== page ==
washingtonpost.com
BOE is us, says the MMS

By Al Kamen
Washington Post Staff Writer
Wednesday, June 23, 2010; A15

It's only Day 64 of the environmental catastrophe in the Gulf of Mexico, but there's proof the government is ratcheting up efforts to end it.

First sign is that the Interior Department's Minerals Management Service has adopted a new name: the Bureau of Ocean Energy Management, Regulation and Enforcement -- or Bureau of Ocean Energy (BOE) for short.

This is something that discredited or corrupt government offices or companies do when they become inconveniently infamous. For example, Blackwater became Xe; the Philip Morris cancer company became Altria; AIG now is AIU Holdings; the evil KGB, where Russian President Vladimir Putin spent his career, became the "democratic" Russia's FSB; and so on.

The second important sign is that the agency is staffing up to confront this calamity. The MMS/OBE announced Thursday that it is looking to hire one "Emergency Oil Spill Response Coordinator," working out of beautiful Herndon, Va., and earning $75,000 to $97,000 a year. For that gigantic salary, you'll be the one who "leads MMS representatives on the U.S. Coast Guard's Interagency Alternative Technology Assessment Program."

But while the job is so very important, and hardly anyone seems able to do it, you should be aware up front that "RELOCATION EXPENSES ARE NOT AUTHORIZED."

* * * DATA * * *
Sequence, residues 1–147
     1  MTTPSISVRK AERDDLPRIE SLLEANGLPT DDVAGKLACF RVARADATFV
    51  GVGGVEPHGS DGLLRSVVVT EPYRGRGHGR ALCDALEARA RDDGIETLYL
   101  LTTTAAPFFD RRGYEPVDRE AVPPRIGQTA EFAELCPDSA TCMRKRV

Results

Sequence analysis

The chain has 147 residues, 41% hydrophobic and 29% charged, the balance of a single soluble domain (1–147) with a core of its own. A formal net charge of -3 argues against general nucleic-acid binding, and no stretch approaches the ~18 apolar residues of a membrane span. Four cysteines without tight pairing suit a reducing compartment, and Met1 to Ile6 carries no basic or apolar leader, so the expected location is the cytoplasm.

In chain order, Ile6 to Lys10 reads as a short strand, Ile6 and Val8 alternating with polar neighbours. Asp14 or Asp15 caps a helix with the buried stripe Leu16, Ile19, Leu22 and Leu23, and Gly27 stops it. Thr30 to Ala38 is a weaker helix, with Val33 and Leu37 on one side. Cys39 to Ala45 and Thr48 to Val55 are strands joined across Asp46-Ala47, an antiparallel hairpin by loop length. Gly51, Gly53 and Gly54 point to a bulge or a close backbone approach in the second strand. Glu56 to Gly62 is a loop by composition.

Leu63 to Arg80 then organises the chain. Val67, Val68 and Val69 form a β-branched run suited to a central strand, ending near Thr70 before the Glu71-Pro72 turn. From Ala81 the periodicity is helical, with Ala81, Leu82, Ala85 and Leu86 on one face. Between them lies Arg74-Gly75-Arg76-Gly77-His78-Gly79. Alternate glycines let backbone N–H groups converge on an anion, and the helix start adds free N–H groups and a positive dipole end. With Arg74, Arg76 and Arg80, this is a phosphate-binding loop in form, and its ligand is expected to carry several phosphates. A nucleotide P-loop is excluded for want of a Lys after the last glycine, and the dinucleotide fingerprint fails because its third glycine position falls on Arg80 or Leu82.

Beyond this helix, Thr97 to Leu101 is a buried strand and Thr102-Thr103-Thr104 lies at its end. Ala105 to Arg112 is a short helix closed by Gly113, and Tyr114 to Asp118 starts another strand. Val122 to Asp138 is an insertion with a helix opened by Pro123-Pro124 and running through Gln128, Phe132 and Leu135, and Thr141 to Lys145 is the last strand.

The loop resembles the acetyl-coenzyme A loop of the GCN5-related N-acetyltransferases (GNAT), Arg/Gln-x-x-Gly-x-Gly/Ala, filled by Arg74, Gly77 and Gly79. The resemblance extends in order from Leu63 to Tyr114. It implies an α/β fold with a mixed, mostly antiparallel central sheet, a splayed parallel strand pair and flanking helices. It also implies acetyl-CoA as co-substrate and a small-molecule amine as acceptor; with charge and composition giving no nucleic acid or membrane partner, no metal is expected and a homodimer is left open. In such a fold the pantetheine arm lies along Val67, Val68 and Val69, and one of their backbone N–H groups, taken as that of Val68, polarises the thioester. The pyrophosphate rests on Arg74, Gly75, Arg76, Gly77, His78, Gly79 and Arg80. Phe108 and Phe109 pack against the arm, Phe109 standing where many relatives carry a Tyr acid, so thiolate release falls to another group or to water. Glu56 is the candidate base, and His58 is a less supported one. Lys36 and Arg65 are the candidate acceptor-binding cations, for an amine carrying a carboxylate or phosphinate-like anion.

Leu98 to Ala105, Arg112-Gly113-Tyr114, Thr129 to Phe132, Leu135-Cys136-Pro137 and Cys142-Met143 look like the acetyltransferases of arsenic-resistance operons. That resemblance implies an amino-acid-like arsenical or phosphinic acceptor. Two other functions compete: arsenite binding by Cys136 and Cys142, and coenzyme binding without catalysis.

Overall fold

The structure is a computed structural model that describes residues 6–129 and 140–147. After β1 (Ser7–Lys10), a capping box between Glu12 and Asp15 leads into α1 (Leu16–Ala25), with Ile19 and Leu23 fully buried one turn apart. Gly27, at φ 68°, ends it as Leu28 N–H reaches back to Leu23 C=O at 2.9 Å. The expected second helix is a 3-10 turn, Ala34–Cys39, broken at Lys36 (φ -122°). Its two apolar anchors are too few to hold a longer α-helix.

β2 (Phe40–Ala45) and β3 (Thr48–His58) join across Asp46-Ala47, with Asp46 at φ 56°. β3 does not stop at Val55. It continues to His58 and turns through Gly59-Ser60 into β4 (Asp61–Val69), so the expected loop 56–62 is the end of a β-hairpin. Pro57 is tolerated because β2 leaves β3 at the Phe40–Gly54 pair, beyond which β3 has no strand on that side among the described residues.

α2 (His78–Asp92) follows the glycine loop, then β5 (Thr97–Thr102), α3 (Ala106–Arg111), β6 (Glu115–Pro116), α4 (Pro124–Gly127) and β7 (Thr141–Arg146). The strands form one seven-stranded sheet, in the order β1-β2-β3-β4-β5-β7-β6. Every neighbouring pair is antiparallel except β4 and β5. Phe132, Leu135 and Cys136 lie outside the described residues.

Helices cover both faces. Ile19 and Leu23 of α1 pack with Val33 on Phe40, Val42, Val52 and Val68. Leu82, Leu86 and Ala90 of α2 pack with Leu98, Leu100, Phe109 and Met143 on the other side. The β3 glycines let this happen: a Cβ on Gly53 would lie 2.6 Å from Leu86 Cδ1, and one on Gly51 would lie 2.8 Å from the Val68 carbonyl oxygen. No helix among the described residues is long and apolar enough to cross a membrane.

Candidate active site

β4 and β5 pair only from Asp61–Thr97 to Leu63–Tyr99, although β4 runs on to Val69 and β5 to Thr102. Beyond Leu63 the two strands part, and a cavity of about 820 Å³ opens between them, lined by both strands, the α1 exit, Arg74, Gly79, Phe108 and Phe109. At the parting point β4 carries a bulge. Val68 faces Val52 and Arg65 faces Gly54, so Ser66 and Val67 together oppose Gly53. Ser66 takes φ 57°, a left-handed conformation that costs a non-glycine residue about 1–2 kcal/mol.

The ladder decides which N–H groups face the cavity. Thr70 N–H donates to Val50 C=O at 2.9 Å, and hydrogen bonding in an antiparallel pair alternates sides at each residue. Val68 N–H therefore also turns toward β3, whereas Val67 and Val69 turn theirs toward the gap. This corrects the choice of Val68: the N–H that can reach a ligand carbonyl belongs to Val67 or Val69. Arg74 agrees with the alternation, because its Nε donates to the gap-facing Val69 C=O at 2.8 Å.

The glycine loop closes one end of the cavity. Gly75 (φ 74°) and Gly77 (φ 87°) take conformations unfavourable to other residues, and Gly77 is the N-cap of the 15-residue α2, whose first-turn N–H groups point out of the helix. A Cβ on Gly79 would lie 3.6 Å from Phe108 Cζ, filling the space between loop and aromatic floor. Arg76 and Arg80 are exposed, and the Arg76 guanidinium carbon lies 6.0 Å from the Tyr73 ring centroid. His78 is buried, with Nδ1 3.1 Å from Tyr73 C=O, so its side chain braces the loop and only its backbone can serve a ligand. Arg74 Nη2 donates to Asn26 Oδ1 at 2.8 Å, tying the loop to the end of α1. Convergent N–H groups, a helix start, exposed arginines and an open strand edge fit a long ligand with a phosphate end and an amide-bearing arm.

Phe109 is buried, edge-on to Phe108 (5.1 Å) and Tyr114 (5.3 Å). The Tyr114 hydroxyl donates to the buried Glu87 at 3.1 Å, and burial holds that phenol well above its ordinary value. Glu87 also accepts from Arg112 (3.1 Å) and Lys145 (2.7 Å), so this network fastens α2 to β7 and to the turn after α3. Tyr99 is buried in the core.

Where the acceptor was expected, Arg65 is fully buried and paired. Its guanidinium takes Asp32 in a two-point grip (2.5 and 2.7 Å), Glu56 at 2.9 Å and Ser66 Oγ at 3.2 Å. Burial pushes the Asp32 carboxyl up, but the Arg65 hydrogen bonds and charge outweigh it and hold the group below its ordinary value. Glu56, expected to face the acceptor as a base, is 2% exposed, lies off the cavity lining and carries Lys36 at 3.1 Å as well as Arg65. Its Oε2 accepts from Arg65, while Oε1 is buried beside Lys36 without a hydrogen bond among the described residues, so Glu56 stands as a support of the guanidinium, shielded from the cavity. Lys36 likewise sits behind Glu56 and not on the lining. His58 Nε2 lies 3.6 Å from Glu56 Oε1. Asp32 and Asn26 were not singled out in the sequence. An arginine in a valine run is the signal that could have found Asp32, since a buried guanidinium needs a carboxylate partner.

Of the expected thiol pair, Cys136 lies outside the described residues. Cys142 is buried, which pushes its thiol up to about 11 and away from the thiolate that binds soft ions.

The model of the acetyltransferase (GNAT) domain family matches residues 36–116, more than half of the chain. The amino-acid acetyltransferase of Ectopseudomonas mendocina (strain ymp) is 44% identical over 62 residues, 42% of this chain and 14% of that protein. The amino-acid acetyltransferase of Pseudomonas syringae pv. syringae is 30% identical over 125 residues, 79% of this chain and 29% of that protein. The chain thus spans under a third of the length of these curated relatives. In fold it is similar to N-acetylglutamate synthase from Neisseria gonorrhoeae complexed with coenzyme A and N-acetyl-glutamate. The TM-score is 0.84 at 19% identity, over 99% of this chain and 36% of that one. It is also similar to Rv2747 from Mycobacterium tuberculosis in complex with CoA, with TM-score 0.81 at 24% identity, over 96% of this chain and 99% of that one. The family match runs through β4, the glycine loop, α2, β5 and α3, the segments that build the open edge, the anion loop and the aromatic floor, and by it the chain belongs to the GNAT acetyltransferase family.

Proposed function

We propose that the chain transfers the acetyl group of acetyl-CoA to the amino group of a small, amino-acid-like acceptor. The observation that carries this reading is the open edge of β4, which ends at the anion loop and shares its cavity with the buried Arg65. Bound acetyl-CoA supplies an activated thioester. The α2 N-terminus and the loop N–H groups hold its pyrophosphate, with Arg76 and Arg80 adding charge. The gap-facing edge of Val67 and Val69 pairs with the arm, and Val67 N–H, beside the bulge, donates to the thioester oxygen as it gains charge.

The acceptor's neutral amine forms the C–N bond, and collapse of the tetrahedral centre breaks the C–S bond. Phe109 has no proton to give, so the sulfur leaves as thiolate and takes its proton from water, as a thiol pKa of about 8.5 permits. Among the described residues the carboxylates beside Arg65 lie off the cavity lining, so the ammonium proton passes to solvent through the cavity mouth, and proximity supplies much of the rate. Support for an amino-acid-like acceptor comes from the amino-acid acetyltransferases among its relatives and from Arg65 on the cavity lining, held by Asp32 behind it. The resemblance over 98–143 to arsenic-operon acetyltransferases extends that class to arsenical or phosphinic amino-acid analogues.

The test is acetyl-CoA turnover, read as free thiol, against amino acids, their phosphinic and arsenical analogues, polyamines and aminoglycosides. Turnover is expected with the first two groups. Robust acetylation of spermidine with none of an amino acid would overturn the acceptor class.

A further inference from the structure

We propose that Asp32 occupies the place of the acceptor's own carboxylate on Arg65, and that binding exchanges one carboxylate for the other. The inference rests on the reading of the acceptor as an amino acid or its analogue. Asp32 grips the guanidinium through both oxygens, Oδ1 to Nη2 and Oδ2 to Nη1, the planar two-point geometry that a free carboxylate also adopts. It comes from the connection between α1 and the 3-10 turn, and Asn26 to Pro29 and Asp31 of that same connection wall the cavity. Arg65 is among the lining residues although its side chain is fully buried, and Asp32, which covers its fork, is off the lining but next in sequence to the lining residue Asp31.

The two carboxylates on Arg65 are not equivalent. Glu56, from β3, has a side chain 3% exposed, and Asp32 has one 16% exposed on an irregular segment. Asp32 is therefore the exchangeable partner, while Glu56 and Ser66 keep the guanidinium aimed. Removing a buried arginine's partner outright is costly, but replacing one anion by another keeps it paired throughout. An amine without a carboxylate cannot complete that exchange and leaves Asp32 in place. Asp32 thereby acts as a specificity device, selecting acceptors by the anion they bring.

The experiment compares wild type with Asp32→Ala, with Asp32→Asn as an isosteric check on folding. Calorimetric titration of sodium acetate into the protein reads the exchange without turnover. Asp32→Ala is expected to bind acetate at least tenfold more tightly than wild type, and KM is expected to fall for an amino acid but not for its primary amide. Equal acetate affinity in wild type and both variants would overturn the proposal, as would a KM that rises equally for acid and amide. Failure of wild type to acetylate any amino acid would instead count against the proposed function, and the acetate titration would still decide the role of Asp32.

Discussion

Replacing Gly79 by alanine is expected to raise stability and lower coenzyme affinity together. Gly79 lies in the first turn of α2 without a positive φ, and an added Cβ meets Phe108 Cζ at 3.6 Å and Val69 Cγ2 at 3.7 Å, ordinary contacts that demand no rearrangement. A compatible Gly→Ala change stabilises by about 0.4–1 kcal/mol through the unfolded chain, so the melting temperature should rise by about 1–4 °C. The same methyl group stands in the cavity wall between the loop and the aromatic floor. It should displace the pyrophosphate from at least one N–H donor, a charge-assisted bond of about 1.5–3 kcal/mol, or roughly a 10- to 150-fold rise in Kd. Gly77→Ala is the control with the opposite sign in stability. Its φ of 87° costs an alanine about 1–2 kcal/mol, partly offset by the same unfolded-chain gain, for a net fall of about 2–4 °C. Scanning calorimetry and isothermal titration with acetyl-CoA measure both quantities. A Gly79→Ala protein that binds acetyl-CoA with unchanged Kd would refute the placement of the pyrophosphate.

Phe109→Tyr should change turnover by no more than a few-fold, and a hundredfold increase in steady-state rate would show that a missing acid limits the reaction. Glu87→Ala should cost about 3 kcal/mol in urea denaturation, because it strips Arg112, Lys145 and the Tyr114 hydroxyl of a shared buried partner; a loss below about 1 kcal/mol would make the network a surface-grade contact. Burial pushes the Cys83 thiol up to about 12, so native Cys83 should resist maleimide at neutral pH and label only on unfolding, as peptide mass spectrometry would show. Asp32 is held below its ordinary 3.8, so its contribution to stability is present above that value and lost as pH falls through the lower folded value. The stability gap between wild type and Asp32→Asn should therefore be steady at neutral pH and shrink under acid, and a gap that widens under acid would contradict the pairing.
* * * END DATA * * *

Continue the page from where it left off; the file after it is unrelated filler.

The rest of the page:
Not anyone can do this job well, of course. So there are a number of "Key Requirements," including: "Applicants must be U.S. Citizens" and undergo a background investigation. Anticipate "traveling 1-5 nights per month, on average," and you'll have to accept "federal payments made by direct deposit."

Not even a bus ticket? Some packing tape?

Of fires and frying pans

Speaking of the BOE, another thing you typically see when accidents happen is that the person in charge gets the ax. So the agency's new chief, Michael R. Bromwich, former federal prosecutor and Justice Department inspector general, sent a "Hello to All of You" e-mail Monday morning to the BOE's 1,700 employees.

"Two weeks ago this is the last thing I thought I would be doing," he began, joining the crowd stunned by the appointment. "But here I am -- Fate never quite reveals what it has in store of any of us." Indeed.

Bromwich noted that, "as you probably know, most of the issues this organization deals with are new to me. I am not foolish enough to pretend that I know things that I do not." Actually, he's a very smart guy. Bromwich said he wanted to learn from the troops and "although I am new to the agency, I think I do have some relevant experience" dealing with troubled institutions, and "I understand that morale in this organization is very low." He then detailed his years working to improve other organizations.

He didn't mention his most recent work as a partner in legal megafirm Fried Frank, which many call a sweatshop. Good experience for working on an oil rig, in the mines . . .

The dough business

Disgraced lobbyist Jack Abramoff, out of a halfway house after 43 months in federal prison, is back in the restaurant business, working at a Baltimore pizzeria, according to the Jewish Times of Baltimore.

Abramoff, who once owned a fancy restaurant and a truly awful kosher deli in the nation's capital, is working at Tov Pizza, helping its owner "in almost all areas of the pizza business, with perhaps a focus on marketing strategies," the paper reported.